Antibiotic use indicators met by UK layer and broiler sectors

24-11 | |
The drop in antibiotic use owes much to heightened biosecurity practices in the sector, and the ongoing use of vaccines as part of preventative health programmes. Photo: Yaw Ansu-Kyeremeh
The drop in antibiotic use owes much to heightened biosecurity practices in the sector, and the ongoing use of vaccines as part of preventative health programmes. Photo: Yaw Ansu-Kyeremeh

The UK’s laying hens and poultry meat sectors continued to use fewer antibiotics last year despite the twin threat of highly pathogenic avian influenza and the Covid-19 pandemic.

Antibiotic usage data from members of the British Egg Industry Council Lion Scheme for 2021 showed usage below the 1% days treated target set by the voluntary Responsible Use of Medicines in Agriculture Alliance (RUMA), and no Highest Priority Critically Important Antibiotics (HP-CIA) were used in the sector for the 4th year running.

The RUMA annual report said that overall, the laying hens sector recorded a total of 2.46 tonnes of antibiotic active ingredient use in 2021, which represents a notable reduction in usage compared to 2020, which saw 3.1 million tonnes used. 0.33 actual bird days were treated per 100 birds during 2021, compared to 0.47 in 2020.

Avian influenza

While highly pathogenic avian influenza affected the poultry sector from autumn 2020, carrying on through the winter and into spring 2021, the laying hens’ sector was relatively unaffected until the autumn/winter of 2021. Mandatory housing of free-range flocks came into effect in December 2020 and was lifted at the end of March 2021 before returning in November.

However, despite the effects of avian influenza and the Covid-19 pandemic, the significant drop in antibiotic use in laying hens owes much to heightened biosecurity practices in the sector and the ongoing use of vaccines as part of preventative health programmes across the industry.

Antibiotic use in broilers and turkeys

In the poultry meat sector, antibiotic use fell from 16.3mg/kg PCU in 2020 to 13.66 mg/kg PCU last year, well below the ceiling of 25mg/kg PCU for broiler production reviewed in 2021. However, there was a rise in the usage in turkeys following a disease challenge that required the most effective antibiotic following veterinary consultation. The treatment did not require the use of any CIAs, but it resulted in an increase in the mg/kg PCU from 25.7mg/kg in 2020 to 42.55 mg/kg last year – still under the 50 mg/kg PCU sector-specific target.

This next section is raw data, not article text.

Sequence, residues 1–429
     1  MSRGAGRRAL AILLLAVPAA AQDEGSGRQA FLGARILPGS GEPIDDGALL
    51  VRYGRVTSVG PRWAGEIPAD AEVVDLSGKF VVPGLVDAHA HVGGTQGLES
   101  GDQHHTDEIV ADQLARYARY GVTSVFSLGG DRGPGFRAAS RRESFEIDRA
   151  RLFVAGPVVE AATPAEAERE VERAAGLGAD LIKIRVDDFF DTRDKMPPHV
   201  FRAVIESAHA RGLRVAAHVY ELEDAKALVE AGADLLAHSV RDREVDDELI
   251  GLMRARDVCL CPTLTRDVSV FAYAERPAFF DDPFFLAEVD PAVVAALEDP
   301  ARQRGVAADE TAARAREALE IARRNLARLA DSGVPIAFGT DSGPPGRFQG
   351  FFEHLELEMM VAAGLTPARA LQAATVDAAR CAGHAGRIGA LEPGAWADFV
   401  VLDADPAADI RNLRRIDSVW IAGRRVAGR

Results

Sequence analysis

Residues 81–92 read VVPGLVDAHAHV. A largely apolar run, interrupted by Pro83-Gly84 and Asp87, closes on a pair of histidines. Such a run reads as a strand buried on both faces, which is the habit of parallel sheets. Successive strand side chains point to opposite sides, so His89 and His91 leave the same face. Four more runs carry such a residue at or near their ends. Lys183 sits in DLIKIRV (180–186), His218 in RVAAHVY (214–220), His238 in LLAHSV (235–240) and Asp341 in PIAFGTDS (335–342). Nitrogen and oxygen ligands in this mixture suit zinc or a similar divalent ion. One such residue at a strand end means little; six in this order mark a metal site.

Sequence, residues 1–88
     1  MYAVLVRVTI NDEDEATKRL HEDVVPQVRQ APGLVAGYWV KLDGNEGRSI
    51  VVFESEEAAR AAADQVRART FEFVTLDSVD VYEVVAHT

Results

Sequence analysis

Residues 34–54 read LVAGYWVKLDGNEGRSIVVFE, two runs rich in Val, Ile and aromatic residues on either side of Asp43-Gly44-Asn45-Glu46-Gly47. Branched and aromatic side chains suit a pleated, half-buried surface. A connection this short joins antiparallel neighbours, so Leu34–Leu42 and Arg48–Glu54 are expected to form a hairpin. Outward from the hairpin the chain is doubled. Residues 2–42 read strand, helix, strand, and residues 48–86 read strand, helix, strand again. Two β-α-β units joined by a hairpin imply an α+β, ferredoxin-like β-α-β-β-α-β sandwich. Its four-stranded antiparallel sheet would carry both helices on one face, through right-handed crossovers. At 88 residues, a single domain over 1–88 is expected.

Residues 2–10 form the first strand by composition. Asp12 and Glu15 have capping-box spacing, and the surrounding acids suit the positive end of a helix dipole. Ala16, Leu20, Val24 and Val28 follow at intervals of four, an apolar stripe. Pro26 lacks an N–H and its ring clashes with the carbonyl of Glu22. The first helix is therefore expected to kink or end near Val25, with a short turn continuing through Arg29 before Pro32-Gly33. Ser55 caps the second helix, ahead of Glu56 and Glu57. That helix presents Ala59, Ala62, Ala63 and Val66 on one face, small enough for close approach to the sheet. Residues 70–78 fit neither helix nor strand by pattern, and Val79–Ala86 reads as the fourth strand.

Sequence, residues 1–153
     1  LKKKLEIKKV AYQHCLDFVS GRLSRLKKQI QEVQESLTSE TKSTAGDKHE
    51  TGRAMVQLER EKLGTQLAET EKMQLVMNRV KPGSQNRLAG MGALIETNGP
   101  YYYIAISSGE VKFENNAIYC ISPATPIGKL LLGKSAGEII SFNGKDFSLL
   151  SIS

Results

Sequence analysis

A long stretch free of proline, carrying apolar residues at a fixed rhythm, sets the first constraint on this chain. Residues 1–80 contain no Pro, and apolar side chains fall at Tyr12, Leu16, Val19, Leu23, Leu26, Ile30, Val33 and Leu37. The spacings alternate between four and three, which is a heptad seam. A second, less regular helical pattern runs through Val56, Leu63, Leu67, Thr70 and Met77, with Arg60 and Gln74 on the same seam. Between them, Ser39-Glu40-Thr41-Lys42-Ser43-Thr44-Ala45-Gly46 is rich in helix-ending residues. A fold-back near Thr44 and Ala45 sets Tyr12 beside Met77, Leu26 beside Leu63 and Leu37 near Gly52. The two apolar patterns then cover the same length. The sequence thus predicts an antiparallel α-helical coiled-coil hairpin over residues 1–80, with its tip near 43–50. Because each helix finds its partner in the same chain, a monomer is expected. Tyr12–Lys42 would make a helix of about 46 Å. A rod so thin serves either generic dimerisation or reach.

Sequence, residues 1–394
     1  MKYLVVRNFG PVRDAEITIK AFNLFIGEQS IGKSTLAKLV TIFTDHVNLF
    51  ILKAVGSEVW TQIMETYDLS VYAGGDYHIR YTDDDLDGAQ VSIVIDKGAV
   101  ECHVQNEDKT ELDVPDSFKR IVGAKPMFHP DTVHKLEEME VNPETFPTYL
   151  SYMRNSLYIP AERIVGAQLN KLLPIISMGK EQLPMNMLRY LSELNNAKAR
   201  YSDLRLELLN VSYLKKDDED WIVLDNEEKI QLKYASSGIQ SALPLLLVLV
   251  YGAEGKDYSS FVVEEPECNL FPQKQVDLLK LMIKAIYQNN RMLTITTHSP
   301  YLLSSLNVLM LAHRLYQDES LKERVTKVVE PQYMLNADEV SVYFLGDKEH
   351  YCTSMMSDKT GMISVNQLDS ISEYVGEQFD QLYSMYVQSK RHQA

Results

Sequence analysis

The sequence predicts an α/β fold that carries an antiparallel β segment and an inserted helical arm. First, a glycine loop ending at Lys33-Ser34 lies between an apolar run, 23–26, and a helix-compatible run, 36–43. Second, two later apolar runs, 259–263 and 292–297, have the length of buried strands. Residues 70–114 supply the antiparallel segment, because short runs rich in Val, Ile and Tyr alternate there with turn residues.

Fit for purpose

The report praised the British Poultry Council’s Antibiotic Stewardship approach to treatment in real-time and in response to specific disease challenges, saying it always strived to keep antibiotics effective and fit for purpose and only used when necessary. CIAs (Fluoroquinolones, Macrolides, Polymixins) are used only as a last resort and only after other treatments have been considered.

The BPC Antibiotics Stewardship continue its work to understand where further improvements can be made, including looking at alternative interventions and into the granular design of reason for usage. The sector is currently in the middle of the worst case of avian influenza seen, not just in the UK but across Europe, which is devastating businesses. Combined with rising production costs, ongoing labour shortages and challenging EU-UK trade conditions, British poultry meat businesses are being pushed to capacity but were determined to ensure responsible usage of antibiotics remained a priority for producers, the report added.

A collaborative, voluntary effort

Cat McLaughlin, RUMA chair and chair of the RUMA Targets Task Force 2, said it was important to reiterate that the falls in antibiotic use had been achieved through a collaborative, voluntary effort.

“The successes to date across the industry has put the UK ahead of most food-producing EU countries, and the current RUMA targets up to 2024 further reinforce the ongoing commitment across all the sectors to achieve sustainable reductions.”

The lowest sales to date

Abigail Seager, Veterinary Medicines Directorate chief executive, said she was delighted with the continued progress in this year’s Veterinary Antimicrobial Resistance and Sales Surveillance (VARSS). Sales for food-producing animals (mg/kg) have fallen from 62.3 mg/kg in 2014 to just 28.3mg/kg last year, which is a fall of 55% and the lowest sales to date.

Sales of HP-CIAs in all food-producing animals account for just 0.4% of total sales and have dropped from 0.14mg/kg in 2020 to 0.12mg/kg – an 18% decrease.

Total tonnage sales for all animals have fallen from 447 tonnes in 2014 to just 212 last year.

Mcdougal
Tony Mcdougal Freelance Journalist



Beheer